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United States Department of Agriculture

Agricultural Research Service

Research Project: CONTROL OF FUSARIUM VERTICILLIOIDES, FUMONISINS AND FUSARIUM DISEASES OF MAIZE Title: Microarray Evidence for Gene Clusters Involved in Polyketide Biosynthesis in the Fumonisin-Producing Fungus Fusarium Verticillioides

item Proctor, Robert
item Butchko, Robert
item Brown, Daren
item Busman, Mark
item Plattner, Ronald

Submitted to: Mycological International Conference Proceedings
Publication Type: Proceedings
Publication Acceptance Date: July 11, 2006
Publication Date: September 27, 2006
Citation: Proctor, R., Butchko, R.A., Brown, D.W., Busman, M., Plattner, R.D. 2006. Microarray evidence for gene clusters involved in polyketide biosynthesis in the fumonisin-producing fungus fusarium verticillioides. Mycological International Conference. p. 35.

Technical Abstract: Fusarium verticillioides can cause stalk and ear rot of maize, and can produce the polyketide-derived mycotoxins fumonisins in infected kernels. Although the genetics and biochemistry of fumonisin biosynthesis is relatively well understood in F. verticillioides, little is known about the biosynthesis of other secondary metabolites produced by this fungus. A previously reported genomic sequence analysis (Kroken et al, 2003) identified 15 polyketide synthase (PKS) genes in F. verticillioides. We are characterizing these genes to determine which polyketide metabolites are synthesized by the corresponding PKS enzymes, whether the polyketide metabolites contribute to pathogenesis of F. verticillioides, and whether the PKS genes are located within gene clusters. For the latter objective, we are using microarray analysis to examine changes in expression of the PKS genes and genes adjacent to them. This analysis indicates that the fusarin PKS gene, PKS10, and eight contiguous genes on one side of it, exhibit similar increases in expression over time in liquid GYAM medium. Likewise, PKS10 and the same eight genes exhibit relatively high levels of expression on whole maize kernels but low levels of expression on maize embryo tissue after four days of growth. In contrast, other genes in the same chromosomal region do not exhibit such changes or differences in expression. Together the data suggest that PKS10 and eight genes adjacent to it are members of a fusarin gene cluster.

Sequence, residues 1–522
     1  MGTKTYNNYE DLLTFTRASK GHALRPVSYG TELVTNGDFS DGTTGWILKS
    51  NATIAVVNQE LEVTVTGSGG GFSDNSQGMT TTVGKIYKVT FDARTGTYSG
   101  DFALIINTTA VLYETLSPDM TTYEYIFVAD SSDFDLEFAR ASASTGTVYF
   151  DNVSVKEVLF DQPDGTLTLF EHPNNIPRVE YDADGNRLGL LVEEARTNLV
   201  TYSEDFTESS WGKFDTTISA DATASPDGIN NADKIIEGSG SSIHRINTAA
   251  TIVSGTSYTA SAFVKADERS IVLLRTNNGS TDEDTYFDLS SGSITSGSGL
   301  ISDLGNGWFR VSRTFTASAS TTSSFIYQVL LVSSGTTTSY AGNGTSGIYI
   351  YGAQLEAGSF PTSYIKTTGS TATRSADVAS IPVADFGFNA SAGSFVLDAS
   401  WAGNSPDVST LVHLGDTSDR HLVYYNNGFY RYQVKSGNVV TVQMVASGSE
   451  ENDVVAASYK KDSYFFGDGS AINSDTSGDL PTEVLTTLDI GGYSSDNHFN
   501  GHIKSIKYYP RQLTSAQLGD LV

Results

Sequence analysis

Last Modified: 4/18/2015
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